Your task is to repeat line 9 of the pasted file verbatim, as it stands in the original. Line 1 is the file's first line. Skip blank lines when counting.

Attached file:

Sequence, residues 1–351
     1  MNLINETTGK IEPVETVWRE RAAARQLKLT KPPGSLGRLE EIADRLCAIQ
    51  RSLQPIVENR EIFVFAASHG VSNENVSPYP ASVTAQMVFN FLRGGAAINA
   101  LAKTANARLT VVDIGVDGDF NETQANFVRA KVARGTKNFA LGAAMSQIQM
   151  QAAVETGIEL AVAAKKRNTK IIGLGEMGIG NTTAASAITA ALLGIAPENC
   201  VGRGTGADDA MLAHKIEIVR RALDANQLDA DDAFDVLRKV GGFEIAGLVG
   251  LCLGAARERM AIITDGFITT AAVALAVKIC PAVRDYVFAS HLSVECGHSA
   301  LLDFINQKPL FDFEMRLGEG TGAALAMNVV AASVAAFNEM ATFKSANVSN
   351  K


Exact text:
   351  K